FLOWERY BRANCH, GA – Dan Quinn can't wait for the chance to prove he has learned from mistakes made in 2019.
Support from a patient Atlanta Falcons owner, Arthur Blank, and Quinn's players helped to make that second chance possible.
Blank believes so strongly that the path to consistent winning is found in patience with coaches that he is sticking with Quinn following two losing seasons packed with wild streaks of inconsistency.
Blank said he was impressed Quinn made bye-week changes, including removing himself from calling defensive plays, that led to a turnaround following a 1-7 start.
Quinn described the 2019 season, his fifth as Atlanta's coach, as “the hardest and most invaluable year for me as a coach ever."
“I've made mistakes, and we get to fix them, and I think that's an important thing," Quinn said. “... Not everybody else always has the chance to do that. I certainly hate the results, but man, I learned a lot, and I'd say more than anything, I can't wait to apply the things that I've learned with this team and moving forward."
Quinn has one more year that brings a mandate for improvement. He said he understands 2020 comes with an “urgency to do really well."
“But what has to change is the results, and I think everybody in the building knows that," he said.
Blank said he didn't want to be an owner who makes "surface noises of changing coaches to create some buzz in the marketplace."
He said consistent winners are "organizations that maintain a continual relationship between a head coach and general manager over time."
Blank cited the example of New Orleans Saints coach Sean Payton, who has won three straight NFC South titles following three straight 7-9 seasons. But steadfast loyalty doesn't always produce such dramatic results. As an example, Jason Garrett has delivered only two playoff wins in a decade as the Dallas Cowboys' coach.
Blank didn't need to see Sunday's final game at Tampa Bay to announce his decision to bring back Quinn and Dimitroff. The Falcons (6-9) have won five of seven, including three straight.
Quinn benefited from the support of his players, most notably Julio Jones. After the Falcons' fifth straight loss, an ugly 37-10 decision to the Los Angeles Rams, Jones came to Quinn's support in a rare locker-room speech.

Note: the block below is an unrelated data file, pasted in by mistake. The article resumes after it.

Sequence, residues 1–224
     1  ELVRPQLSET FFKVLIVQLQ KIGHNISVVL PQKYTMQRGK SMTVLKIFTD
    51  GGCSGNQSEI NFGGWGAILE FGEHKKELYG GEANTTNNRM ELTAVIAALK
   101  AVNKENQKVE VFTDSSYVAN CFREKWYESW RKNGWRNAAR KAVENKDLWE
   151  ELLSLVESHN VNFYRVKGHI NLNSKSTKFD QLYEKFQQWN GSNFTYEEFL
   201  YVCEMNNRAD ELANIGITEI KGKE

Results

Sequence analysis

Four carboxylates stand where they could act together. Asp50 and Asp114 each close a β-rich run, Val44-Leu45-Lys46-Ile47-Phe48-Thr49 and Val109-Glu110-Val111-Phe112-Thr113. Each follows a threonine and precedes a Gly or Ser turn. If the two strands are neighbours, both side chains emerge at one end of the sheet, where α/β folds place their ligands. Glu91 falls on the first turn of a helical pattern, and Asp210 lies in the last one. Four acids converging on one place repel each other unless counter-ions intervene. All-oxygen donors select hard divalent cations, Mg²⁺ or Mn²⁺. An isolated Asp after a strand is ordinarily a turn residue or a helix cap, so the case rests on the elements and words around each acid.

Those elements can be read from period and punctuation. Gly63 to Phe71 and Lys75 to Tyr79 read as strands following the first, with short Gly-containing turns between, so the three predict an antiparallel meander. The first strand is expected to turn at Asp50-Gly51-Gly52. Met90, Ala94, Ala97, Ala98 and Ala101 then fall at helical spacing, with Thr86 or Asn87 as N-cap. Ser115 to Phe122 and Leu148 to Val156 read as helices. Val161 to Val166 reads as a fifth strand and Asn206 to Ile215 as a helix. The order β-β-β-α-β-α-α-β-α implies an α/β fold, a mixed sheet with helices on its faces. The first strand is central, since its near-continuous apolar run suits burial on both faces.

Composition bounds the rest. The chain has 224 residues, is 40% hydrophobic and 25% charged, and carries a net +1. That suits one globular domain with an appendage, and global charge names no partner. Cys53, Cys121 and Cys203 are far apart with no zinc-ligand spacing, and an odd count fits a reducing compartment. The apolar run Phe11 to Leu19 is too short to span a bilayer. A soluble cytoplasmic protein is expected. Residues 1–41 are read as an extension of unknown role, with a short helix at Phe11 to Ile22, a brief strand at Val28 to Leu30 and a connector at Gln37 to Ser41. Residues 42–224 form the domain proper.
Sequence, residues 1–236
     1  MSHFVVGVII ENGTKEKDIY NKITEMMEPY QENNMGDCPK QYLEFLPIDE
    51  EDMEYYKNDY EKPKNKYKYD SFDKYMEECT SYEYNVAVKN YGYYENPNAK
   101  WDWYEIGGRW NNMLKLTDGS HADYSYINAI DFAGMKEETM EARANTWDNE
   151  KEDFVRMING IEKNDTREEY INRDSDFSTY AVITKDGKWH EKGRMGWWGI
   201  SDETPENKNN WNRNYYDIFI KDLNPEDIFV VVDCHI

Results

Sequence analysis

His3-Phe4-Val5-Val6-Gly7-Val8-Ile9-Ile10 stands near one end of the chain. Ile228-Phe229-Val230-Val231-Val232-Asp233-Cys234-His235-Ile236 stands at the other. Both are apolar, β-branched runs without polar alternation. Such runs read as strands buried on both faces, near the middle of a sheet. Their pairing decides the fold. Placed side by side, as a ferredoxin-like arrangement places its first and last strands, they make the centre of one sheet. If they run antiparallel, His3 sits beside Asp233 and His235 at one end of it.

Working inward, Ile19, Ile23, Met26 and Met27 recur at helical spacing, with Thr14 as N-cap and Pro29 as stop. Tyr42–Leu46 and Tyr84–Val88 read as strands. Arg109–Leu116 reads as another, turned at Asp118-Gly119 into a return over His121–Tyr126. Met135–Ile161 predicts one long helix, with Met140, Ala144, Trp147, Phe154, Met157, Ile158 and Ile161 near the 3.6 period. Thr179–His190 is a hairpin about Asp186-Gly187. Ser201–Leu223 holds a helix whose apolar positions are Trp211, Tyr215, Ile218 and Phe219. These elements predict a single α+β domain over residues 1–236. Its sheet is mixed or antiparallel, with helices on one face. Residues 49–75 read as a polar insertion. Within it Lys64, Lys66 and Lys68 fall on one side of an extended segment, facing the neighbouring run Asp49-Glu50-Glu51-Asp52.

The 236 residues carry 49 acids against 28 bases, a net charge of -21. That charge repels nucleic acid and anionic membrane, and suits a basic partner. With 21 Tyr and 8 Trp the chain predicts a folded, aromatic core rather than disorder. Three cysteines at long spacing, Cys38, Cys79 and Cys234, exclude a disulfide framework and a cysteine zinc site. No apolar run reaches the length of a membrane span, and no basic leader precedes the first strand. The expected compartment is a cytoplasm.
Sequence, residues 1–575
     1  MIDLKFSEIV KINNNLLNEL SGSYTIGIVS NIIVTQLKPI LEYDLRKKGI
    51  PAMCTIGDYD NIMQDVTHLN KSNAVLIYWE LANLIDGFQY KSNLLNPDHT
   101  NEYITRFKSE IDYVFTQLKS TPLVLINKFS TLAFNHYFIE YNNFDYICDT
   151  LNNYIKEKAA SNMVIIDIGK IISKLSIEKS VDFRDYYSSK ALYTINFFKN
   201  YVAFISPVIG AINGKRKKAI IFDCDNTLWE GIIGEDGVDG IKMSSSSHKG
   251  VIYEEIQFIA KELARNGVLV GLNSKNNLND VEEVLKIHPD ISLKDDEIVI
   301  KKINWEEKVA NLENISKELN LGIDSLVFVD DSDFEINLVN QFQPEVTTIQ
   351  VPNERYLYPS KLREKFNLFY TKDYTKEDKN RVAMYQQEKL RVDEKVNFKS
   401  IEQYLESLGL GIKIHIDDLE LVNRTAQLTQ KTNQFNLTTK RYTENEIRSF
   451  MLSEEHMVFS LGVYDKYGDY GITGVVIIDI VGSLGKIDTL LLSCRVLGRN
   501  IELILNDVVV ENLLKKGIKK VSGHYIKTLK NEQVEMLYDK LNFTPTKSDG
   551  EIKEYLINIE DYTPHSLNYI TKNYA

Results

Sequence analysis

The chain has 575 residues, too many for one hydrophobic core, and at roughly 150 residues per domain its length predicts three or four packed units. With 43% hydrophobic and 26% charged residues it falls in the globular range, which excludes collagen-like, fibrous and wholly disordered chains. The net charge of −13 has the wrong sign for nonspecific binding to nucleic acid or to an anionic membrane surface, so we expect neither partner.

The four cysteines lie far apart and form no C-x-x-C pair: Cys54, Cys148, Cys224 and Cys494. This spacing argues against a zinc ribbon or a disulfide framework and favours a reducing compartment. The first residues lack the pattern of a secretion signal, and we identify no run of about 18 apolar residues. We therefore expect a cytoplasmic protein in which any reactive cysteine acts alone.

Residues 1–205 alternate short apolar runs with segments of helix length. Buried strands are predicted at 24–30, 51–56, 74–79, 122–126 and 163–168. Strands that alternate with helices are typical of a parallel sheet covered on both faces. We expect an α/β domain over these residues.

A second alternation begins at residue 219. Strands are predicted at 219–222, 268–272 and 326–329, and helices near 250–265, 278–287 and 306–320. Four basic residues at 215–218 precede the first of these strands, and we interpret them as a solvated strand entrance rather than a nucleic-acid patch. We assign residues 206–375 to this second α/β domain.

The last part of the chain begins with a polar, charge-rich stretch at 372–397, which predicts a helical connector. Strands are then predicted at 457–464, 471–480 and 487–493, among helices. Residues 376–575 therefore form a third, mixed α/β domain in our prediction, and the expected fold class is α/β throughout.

“Not every coach gets to see his team fight for him and say they are, and I thought that's very humbling for sure," Quinn said.
Safety Ricardo Allen said Friday Jones' speech helped to spark the second-half turnaround.
“I'm grateful coach Quinn is coming back," Allen said. “That's what I've been fighting for."
Quinn has a record of 42-37. In the 2016 season, he led the team to only the second Super Bowl appearance in franchise history, where the Falcons blew a 28-3 lead before losing to the New England Patriots in overtime.
Atlanta made another playoff appearance in 2017. In 2018, the Falcons' hopes of a third straight playoff season under Quinn were devastated by a 4-9 start. That team finished with three straight wins for a 7-9 final record. Now the Falcons need to beat the Buccaneers on Sunday for another 7-9 finish.
Quinn recognizes he is fortunate to work for one of the NFL's most patient owners.
“I do know there's been some coaches that have had some stuff together but had to go and prove some lessons elsewhere, whatever, their second or third experience,” Quinn said. “For me to have the chance to do that here with him, that means a hell of lot to me. I want to win a championship here for him and with him because of his belief. That won't ever stop."
The Falcons announced other changes on Friday. President and CEO Rich McKay will assume a more prominent role in football operations. Raheem Morris was named defensive coordinator for 2020 after his move from wide receivers to secondary coach helped spark the defense's resurgence.
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